B. A rough consideration of “what could go wrong” is all that’s needed with most projects. If your projects fail to meet the time, cost or quality metrics over 79.6% of the time, you should use quantumtative assessment processes to try to find the issues.
C. Risk assessment is only mandatory on all projects that exceed a $1 million dollar budget or are being done for a governmental or international client. Regulations and your contract will both state qualitative and quantitative reports must be created.
D. For frequent small projects with standing teams that use internal resources and do little damage to the organization if they are slightly late, you may be able to get by with a very cursory consideration of project risks. But every project manager should know how and when to up their surveillance, especially if they want to move up to more complex assignments.
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The Importance of Department Ground Rules

by Erick Pino

Organizational values, project boundaries and performance expectations are all important areas that exist within every organization with varying degrees of thought and implementation behind them. Here we look at how organizational rules and norms are presented and communicated to employees and project team members, and how they can be interpreted.

Assumptions Analysis

by Stacy King

The application of assumptions analysis aids in the prevention of unnecessary work within the planning process group, which has an overall positive time and cost impact on the remaining process groups. Utilizing assumptions analysis lays the foundation for teaching the impact of prevention early on in the project's lifecycle.

Project Levels: So You Think You Know What a Level-4 Project Plan Is?

by Wayne Ragas

Outside of the discipline of cost engineering, the concept of project levels isn’t well documented. That hasn’t stopped the spread of the concept, but without supporting documentation, project managers have been left to make up their own definitions. Let’s question our own creative definitions by exploring some common themes, then look at a best practice to help clear the fog. Finally, we’ll apply what we learn to our own projects and programs.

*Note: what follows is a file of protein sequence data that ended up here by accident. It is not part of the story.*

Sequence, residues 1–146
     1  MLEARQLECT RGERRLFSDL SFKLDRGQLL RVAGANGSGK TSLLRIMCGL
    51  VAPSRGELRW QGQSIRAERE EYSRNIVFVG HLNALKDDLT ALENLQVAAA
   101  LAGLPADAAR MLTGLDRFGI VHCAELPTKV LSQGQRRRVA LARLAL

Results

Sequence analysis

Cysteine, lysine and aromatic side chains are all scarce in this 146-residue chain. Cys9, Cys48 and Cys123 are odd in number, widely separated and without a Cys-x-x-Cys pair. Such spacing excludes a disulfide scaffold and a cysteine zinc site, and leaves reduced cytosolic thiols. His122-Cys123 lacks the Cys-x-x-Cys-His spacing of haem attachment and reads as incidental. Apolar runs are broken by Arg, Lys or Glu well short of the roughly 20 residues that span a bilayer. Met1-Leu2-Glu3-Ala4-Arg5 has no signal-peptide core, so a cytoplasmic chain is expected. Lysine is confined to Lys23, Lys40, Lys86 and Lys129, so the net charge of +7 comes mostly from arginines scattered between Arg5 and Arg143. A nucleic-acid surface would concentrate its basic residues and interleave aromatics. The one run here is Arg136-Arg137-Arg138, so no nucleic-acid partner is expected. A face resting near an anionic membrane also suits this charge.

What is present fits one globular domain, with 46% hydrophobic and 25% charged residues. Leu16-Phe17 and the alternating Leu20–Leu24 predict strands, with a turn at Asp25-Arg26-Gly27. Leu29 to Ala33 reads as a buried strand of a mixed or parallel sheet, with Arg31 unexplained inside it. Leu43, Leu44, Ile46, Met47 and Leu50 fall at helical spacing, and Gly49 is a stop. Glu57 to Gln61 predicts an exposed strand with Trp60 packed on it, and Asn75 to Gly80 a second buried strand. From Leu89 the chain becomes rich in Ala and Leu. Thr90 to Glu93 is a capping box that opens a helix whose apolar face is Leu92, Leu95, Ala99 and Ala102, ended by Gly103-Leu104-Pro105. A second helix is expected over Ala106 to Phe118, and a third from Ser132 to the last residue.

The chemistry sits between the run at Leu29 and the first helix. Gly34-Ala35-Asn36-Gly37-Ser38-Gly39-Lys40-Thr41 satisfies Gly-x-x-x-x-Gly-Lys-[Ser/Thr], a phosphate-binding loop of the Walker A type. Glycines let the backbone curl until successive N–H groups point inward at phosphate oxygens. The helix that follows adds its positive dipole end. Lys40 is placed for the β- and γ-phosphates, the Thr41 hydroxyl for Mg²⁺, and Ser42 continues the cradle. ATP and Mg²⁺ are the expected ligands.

The Importance of Project Preparation

by Kenneth Darter, PMP

No matter how much money or people are thrown at a project, it will not be successful without the proper amount of preparation. There is much that can be accomplished prior to the work beginning, and throughout the project there are key activities that must be done in order to support the project correctly.

Continuity Risk as a New Classification in Project Risk Management

by Ilango Vasudevan, PMP, MBCI, TOGAF, CSCP

Continuity risks directly impact an organization’s ability to continue its services or objectives. Drawing on the best practices of business continuity management (BCM), the author explains how formulating a responsive plan to manage continuity risk provides benefits to robust project performance.

Resolving Conflict in Project Management

by Syed Moiz

All conflicts—no matter how big or small—are harmful to projects. They all impact time, cost and our credibility. Let's bring into focus the importance of managing conflicts to ensure that our projects succeed.

Topic Teasers Vol. 74: Rescuing Failing Projects

by Barbee Davis, MA, PHR, PMP, PMI-ACP

Question: A major strategic project in my company has failed! The current project manager has been reassigned and I have been asked to take over. The spotlight will be focused on me and my team, and while we have the chance to be heroes, we can also end up tarnishing our own reputations. Any innovative ways to pick up a messy assignment mid-stream and up our chances of beating the odds for success?
A. Start by meeting with the previous project manager to ascertain which people, vendors, stakeholders and unavoidable events led to the failure. As you plan your own Work Breakdown Structure, restaff with new, more competent employees and other surrounding people.
B. Start by calculating how much you have left in the budget and on the timeline and make sure the plans you create will not further stretch the company financially. This is the most important factor in having your outcomes ultimately checked in the “success” column.
C. Often, teams picking up previously failed projects start with what went wrong, who is to blame and how to avoid making the same mistakes. Find a more innovative approach if you want to have the outcome be positive this time.